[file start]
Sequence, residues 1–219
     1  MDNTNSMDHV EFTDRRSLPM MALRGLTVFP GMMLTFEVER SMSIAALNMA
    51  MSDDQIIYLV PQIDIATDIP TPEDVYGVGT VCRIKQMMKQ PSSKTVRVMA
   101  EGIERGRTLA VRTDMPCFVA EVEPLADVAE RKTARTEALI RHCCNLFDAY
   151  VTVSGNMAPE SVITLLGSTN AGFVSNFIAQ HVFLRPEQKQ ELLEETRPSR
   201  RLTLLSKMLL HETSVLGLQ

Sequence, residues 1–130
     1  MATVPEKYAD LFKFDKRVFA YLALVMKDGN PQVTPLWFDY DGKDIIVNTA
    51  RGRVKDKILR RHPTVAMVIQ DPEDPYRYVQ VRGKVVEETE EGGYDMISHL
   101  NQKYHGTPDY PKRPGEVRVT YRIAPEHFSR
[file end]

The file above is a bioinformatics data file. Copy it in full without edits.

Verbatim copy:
Sequence, residues 1–219
     1  MDNTNSMDHV EFTDRRSLPM MALRGLTVFP GMMLTFEVER SMSIAALNMA
    51  MSDDQIIYLV PQIDIATDIP TPEDVYGVGT VCRIKQMMKQ PSSKTVRVMA
   101  EGIERGRTLA VRTDMPCFVA EVEPLADVAE RKTARTEALI RHCCNLFDAY
   151  VTVSGNMAPE SVITLLGSTN AGFVSNFIAQ HVFLRPEQKQ ELLEETRPSR
   201  RLTLLSKMLL HETSVLGLQ

Sequence, residues 1–130
     1  MATVPEKYAD LFKFDKRVFA YLALVMKDGN PQVTPLWFDY DGKDIIVNTA
    51  RGRVKDKILR RHPTVAMVIQ DPEDPYRYVQ VRGKVVEETE EGGYDMISHL
   101  NQKYHGTPDY PKRPGEVRVT YRIAPEHFSR